In Salvador, for Thursday’s game between Nigeria and Uruguay, I missed part of the second half of the Brazil-Mexico clash when my hotel suffered a power cut.
- Brazil protests photo gallery
It is an eloquent symbol of the times – times in which writing about football seems strange. Large swaths of Brazil’s population are out on the streets reminding the authorities that they should not be thinking about the extra (impressive but vastly expensive soccer stadiums) when the country is so lacking in the basic (public transport – the catalyst for the waves of protest – education, health, infrastructure in general). Opinion polls give them 80% support from the Brazilian population.
The protest movement is so diverse, with so many grievances, that keeping it together will not be easy. But the vast majority of the grievances can be placed under one umbrella – the way the citizen is (mis)treated by the state. This makes the Confederations Cup an appropriate rallying point for the protesters.
No one in their right mind could justify the way the country has organised its World Cup preparations. First came the explicit promise that all of the money spent on stadiums would be private. Then, in practice, came the exact opposite. No debate, no explanation, no apology – just the usual high-handed arrogance from the Brazilian authorities.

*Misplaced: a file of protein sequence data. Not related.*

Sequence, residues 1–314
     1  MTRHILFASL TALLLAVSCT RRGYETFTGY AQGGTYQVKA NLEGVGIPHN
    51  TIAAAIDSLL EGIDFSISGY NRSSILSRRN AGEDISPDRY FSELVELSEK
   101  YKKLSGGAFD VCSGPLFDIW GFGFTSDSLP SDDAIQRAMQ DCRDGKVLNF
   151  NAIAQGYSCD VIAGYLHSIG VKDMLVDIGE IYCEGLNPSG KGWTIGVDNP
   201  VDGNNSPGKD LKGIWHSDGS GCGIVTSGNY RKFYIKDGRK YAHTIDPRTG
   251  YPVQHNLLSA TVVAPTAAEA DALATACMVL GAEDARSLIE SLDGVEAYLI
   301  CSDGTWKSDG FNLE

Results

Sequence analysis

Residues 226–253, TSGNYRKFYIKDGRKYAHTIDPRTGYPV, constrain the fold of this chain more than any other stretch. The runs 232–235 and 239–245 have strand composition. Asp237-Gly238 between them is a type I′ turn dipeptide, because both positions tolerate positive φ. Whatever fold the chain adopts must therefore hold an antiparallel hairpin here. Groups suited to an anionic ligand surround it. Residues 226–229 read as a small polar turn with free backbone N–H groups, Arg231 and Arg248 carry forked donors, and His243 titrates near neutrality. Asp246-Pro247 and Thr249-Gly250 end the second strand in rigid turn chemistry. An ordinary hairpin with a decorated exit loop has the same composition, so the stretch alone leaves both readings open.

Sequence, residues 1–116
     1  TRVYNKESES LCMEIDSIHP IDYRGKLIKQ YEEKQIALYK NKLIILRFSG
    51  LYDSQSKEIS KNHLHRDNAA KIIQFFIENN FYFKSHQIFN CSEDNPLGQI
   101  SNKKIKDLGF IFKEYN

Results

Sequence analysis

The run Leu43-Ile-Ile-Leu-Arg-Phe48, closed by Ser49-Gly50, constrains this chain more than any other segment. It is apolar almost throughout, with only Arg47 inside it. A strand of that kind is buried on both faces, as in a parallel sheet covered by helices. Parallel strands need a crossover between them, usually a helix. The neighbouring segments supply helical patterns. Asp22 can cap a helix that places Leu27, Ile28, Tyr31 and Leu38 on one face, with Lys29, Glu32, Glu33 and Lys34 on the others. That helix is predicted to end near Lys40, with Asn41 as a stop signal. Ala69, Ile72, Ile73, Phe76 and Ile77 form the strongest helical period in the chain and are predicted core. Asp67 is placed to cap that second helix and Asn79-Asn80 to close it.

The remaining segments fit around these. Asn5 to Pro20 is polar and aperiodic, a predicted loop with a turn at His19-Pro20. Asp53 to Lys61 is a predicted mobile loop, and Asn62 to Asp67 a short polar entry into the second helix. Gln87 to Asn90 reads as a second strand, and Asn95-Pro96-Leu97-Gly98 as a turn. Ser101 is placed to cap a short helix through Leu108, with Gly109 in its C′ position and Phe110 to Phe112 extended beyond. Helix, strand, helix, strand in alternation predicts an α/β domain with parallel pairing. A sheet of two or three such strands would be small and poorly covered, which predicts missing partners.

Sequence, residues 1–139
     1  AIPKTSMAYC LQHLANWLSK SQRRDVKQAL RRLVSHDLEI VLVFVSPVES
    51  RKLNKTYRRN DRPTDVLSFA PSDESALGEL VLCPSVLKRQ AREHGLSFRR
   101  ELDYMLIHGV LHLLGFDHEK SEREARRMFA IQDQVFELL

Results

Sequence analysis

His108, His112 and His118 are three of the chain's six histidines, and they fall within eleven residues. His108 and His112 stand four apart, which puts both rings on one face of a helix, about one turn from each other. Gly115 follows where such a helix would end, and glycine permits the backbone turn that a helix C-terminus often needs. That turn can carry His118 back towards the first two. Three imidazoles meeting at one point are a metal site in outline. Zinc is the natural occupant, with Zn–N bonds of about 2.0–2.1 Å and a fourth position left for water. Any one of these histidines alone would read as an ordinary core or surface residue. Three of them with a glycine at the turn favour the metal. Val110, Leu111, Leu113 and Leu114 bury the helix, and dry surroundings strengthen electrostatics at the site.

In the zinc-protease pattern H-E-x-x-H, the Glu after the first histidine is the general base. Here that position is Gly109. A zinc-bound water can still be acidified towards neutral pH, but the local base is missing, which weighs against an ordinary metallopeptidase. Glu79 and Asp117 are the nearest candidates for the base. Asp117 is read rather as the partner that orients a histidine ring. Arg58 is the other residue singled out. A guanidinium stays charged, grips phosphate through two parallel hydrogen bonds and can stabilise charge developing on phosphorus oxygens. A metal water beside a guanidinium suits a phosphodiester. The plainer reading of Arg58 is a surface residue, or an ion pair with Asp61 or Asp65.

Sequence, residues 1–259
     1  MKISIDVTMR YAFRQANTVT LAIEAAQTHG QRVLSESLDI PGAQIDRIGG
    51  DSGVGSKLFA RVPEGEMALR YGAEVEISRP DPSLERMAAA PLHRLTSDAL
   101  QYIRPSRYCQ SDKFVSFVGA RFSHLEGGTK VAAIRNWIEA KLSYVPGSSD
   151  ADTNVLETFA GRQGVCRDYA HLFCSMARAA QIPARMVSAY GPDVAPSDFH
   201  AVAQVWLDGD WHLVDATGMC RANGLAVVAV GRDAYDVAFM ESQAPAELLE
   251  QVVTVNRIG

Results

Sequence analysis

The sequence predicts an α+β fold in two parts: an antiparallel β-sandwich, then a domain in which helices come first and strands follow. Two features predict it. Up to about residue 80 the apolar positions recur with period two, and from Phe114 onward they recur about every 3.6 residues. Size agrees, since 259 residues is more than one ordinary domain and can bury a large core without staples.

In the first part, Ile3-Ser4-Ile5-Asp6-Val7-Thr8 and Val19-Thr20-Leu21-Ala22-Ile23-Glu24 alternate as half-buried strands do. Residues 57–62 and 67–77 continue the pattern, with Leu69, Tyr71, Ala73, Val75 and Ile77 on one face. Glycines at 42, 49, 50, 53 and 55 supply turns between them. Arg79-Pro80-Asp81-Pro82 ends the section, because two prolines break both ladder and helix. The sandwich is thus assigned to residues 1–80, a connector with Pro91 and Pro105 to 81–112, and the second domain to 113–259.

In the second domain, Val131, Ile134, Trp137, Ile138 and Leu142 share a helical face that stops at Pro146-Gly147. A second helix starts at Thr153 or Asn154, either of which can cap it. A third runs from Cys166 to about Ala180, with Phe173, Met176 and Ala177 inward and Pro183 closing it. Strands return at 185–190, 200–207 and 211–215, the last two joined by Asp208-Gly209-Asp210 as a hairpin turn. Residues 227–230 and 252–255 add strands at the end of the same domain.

But what about the players? Protestors in Sao Paulo chanted songs in which Neymar's huge salary was unfavourably compared with the earnings of a schoolteacher. Top footballers are often seen as part of the system.
But on the other hand, the vast majority of them were born on the other side of the tracks. They knew from their own childhood the experience of spending two hours crawling through a city on an overcrowded bus. So are they seen as representatives of the people, or as stooges of the power structure?
The cynical answer would be that it probably depends on results. If Brazil lose then the players will be accused of being mercenaries more concerned with stuffing their bank accounts with European clubs than with representing their country.
But they kick off with some credit accumulated – as we saw in Fortaleza, before the game against Mexico got underway. There was a powerful moment in Fortaleza when the music for the Brazilian national anthem came to a close and the crowd kept singing, in greater voice than ever.
Some of the players referred to it afterwards as one of the most important moments of their career. It clearly inspired an electric start from the hosts, who played an exhilarating opening 15 minutes in an atmosphere obviously charged up by events currently taking place all over the country.